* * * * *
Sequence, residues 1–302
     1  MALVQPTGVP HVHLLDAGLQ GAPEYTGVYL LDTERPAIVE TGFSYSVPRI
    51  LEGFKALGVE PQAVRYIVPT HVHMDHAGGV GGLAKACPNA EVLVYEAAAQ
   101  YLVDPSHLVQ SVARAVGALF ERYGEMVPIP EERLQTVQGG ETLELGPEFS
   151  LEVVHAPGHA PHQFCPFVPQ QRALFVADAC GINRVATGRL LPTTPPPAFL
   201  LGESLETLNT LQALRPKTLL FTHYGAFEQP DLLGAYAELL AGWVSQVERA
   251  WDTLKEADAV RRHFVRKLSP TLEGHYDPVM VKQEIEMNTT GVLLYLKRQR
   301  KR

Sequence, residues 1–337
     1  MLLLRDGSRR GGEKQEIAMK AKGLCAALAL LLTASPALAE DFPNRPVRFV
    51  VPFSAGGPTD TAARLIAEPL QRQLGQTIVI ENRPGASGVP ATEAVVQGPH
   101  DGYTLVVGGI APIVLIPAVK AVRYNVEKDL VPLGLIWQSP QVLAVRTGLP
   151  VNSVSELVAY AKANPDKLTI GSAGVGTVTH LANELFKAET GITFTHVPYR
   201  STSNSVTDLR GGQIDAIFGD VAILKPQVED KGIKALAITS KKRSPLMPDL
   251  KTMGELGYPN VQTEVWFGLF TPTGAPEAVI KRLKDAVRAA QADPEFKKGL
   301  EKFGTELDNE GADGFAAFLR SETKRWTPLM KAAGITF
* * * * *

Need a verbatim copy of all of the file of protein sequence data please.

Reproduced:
Sequence, residues 1–302
     1  MALVQPTGVP HVHLLDAGLQ GAPEYTGVYL LDTERPAIVE TGFSYSVPRI
    51  LEGFKALGVE PQAVRYIVPT HVHMDHAGGV GGLAKACPNA EVLVYEAAAQ
   101  YLVDPSHLVQ SVARAVGALF ERYGEMVPIP EERLQTVQGG ETLELGPEFS
   151  LEVVHAPGHA PHQFCPFVPQ QRALFVADAC GINRVATGRL LPTTPPPAFL
   201  LGESLETLNT LQALRPKTLL FTHYGAFEQP DLLGAYAELL AGWVSQVERA
   251  WDTLKEADAV RRHFVRKLSP TLEGHYDPVM VKQEIEMNTT GVLLYLKRQR
   301  KR

Sequence, residues 1–337
     1  MLLLRDGSRR GGEKQEIAMK AKGLCAALAL LLTASPALAE DFPNRPVRFV
    51  VPFSAGGPTD TAARLIAEPL QRQLGQTIVI ENRPGASGVP ATEAVVQGPH
   101  DGYTLVVGGI APIVLIPAVK AVRYNVEKDL VPLGLIWQSP QVLAVRTGLP
   151  VNSVSELVAY AKANPDKLTI GSAGVGTVTH LANELFKAET GITFTHVPYR
   201  STSNSVTDLR GGQIDAIFGD VAILKPQVED KGIKALAITS KKRSPLMPDL
   251  KTMGELGYPN VQTEVWFGLF TPTGAPEAVI KRLKDAVRAA QADPEFKKGL
   301  EKFGTELDNE GADGFAAFLR SETKRWTPLM KAAGITF